Required text: Alfredo Bryce Echenique, La última mudanza de Felipe Carrillo (Barcelona: Plaza y Janés ISBN: 978-8401429682).

Literature

Summer 2011, Summer 2012

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SPAN 6746 - Travelers in Span Amer Fiction      

Travelers in Spanish American Fiction

This course will examine how contemporary Latin American narrative has portrayed and reflected upon Latin Americans’ experiences when displaced from their home soil, whether for economic, political, or personal reasons. We will consider narrative representations of Latin American travelers and migrants and their reactions to different societies, customs, and languages. What do these narratives tell us about how travel and residence abroad affect the Latin Americans’ sense of self, of national or cultural identity? Topics to be discussed include: distinctions among travelers, exiles, and migrants; theories of tourism; theories of migration; Latin Americans in the United States and Europe; Latin Americans in Asia and Africa. (1 unit)

Required text: Mario Vargas Llosa, Travesuras de la niña mala (Madrid: Alfaguara, 2006 ISBN-13: 978-9707704664 paperback or available edition); Antonio Skármeta, No pasó nada (Madrid: Debolsillo, 2005) (ISBN-13: 978-9875660717) (or any available edition).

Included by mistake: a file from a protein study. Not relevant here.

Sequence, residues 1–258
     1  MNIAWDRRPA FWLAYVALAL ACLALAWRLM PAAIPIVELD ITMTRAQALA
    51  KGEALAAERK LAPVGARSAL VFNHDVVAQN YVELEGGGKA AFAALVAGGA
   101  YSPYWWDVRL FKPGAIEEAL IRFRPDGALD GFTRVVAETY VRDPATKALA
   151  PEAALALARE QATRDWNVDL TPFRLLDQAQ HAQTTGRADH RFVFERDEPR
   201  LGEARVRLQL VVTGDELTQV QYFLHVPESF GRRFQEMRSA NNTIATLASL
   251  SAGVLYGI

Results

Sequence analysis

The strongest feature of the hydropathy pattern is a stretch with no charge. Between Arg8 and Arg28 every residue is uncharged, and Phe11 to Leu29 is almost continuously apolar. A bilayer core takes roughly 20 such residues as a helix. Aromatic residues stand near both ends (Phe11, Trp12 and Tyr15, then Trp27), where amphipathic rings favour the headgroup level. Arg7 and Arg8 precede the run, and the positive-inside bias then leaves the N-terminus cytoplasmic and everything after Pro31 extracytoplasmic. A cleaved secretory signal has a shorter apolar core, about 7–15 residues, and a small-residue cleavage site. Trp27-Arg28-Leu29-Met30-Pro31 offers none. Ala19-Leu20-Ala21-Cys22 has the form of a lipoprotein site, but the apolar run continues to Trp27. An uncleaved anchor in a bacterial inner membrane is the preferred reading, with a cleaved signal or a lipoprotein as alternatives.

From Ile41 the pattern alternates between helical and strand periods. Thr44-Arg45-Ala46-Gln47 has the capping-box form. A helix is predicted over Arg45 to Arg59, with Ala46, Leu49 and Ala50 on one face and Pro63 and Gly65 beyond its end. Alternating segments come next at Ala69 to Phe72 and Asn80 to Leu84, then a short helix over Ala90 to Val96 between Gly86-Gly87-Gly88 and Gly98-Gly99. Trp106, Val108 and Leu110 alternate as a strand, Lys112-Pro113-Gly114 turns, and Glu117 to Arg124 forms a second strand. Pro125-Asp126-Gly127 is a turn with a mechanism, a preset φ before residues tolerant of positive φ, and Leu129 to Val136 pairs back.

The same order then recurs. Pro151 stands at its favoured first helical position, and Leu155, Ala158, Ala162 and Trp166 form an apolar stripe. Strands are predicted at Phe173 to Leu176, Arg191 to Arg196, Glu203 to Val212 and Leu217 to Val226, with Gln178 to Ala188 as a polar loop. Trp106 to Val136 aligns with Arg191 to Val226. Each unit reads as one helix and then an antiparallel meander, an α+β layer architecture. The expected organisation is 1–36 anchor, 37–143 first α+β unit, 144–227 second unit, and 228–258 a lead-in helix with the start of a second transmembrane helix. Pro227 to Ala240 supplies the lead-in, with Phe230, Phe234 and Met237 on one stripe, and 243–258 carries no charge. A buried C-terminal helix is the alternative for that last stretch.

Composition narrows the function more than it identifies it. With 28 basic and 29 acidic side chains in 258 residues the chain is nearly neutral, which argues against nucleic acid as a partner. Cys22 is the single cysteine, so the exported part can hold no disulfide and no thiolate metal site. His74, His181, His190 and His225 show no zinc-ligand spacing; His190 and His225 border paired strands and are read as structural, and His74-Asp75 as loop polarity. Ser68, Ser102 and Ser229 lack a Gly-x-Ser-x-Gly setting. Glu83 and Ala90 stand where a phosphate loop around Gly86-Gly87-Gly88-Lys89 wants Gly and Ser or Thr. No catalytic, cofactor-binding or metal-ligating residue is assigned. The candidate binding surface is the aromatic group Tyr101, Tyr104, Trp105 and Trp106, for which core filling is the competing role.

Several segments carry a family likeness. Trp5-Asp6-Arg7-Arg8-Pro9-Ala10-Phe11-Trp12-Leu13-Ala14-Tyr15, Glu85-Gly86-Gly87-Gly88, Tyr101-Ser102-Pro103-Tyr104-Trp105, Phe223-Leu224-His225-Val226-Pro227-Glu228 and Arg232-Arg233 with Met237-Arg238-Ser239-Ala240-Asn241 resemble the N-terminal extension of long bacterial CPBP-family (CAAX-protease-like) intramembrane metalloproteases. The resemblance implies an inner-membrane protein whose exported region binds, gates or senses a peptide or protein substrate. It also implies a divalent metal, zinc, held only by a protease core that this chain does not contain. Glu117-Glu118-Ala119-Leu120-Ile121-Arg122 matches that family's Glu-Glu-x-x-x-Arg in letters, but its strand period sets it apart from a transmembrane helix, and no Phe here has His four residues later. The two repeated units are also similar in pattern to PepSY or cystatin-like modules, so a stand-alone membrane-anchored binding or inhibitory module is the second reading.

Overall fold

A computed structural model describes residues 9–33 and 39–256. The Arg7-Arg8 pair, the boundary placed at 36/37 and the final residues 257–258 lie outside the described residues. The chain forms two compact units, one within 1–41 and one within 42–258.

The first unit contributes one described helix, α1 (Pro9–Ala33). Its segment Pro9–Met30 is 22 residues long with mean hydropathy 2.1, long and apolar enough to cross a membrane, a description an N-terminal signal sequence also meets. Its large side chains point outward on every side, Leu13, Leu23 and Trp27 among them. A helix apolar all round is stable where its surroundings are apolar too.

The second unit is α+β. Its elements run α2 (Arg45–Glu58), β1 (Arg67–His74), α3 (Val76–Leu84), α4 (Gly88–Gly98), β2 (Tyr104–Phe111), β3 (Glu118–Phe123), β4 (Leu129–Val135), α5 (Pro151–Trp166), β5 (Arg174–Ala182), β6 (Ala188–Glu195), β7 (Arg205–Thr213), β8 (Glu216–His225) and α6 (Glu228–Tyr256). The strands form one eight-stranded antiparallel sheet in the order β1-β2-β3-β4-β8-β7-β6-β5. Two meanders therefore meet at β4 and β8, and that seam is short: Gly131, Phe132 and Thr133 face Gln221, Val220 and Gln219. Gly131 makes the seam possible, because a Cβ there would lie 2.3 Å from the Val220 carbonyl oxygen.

Literature

Summer 2012, Summer 2013

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SPAN 6771 - Indigenismo Span Amer Lit&Cult      

Indigenismo in Spanish American Literature and Culture
*Three-week course, second session*

Introduction to Indigenismo, a wide-ranging cultural movement (1930s to 1950s) upholding the rights and dignity of Spanish America’s indigenous peoples. The course explores the roots of Indigenismo in Colonial mestizo writers and 19th-century reformists, its flowering in 20th-century visual artists and narrators, and its echoes in today’s indigenous-inspired political movements and films in countries such as Bolivia, Guatemala, Mexico, and Peru. Discussion of texts by Inca Garcilaso de la Vega, Clorinda Matto de Turner, José Carlos Mariátegui, Miguel Angel Asturias, José María Arguedas, Rosario Castellanos, Rigoberta Menchú, and films by Emilio Fernández, Claudia Llosa, and Icíar Bollaín. (.5 unit)

Required text: Electronic material provided at Middlebury.

Literature

Summer 2014 Language Schools